Scenes of Cannibalism  

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Train wreck at Montparnasse (October 22, 1895) by Studio Lévy and Sons.
Train wreck at Montparnasse (October 22, 1895) by Studio Lévy and Sons.

Scenes of Cannibalism refers to two paintings by Goya, both in the collection of the Musée des Beaux-Arts et d'archéologie de Besançon.

The first one is known as Cannibals contemplating human remains[1][2], the second as Cannibals preparing their victims [3][4].

Both paintings -- once in the collection of Jean Gigoux -- are said to depict Canadian Martyrs Jean de Brébeuf and Gabriel Lalemant who were slaughtered by the Iroquois in 1649.

Cannibals contemplating human remains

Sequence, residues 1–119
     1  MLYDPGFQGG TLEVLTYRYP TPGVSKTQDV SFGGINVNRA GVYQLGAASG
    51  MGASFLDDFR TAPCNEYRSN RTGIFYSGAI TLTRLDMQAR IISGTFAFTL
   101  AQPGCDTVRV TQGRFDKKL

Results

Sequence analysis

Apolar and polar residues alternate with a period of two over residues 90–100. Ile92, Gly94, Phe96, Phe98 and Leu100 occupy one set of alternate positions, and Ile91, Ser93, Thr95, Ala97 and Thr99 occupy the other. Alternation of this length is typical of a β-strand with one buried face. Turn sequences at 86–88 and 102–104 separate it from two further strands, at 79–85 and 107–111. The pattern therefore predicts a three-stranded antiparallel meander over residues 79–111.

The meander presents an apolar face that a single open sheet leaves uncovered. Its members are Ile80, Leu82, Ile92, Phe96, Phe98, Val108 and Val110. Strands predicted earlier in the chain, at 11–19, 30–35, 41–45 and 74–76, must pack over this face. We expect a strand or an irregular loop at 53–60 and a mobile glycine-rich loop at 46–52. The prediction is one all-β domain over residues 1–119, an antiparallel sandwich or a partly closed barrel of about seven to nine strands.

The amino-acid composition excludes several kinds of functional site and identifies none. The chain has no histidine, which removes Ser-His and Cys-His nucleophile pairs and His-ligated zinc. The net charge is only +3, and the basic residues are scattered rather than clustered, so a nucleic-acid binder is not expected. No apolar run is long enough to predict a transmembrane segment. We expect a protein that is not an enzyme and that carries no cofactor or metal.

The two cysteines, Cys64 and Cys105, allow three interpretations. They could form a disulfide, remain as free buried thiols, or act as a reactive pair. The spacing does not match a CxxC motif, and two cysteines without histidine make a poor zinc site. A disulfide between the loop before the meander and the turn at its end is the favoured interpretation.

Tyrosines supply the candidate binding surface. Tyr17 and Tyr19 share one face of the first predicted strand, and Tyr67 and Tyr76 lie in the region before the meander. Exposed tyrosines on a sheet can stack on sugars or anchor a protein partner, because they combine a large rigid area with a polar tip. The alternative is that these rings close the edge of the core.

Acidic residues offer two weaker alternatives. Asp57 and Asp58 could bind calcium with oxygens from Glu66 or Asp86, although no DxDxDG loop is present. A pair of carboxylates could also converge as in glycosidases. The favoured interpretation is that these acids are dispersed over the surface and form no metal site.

Spanish title: Caníbales contemplando restos humanos.

"a savage sitting on a rock shows the head and hand of one of his victims while a leg and ribcage lie at his feet. Around him the members of the tribe watch him and wait for the feast to begin. The work is very succinct, with hardly any suggestion of the atmosphere and an almost inexistent setting. However, the force of the figures projects from the image, expressing this allegory of human nature."[5]

Cannibals preparing their victims

Spanish title: Caníbales preparando a sus víctimas.

The scene show three cannibals. One is sitting idle, seen from the back. A second cannibal is sitting, face forward, his hand disappears in the cut open abdomen of one of the victims. A third cannibal has his hands between the legs of a suspended victim which is seen from the back.

See also

Unless indicated otherwise, the text in this article is either based on Wikipedia article "Scenes of Cannibalism" or another language Wikipedia page thereof used under the terms of the GNU Free Documentation License; or on original research by Jahsonic and friends. See Art and Popular Culture's copyright notice.

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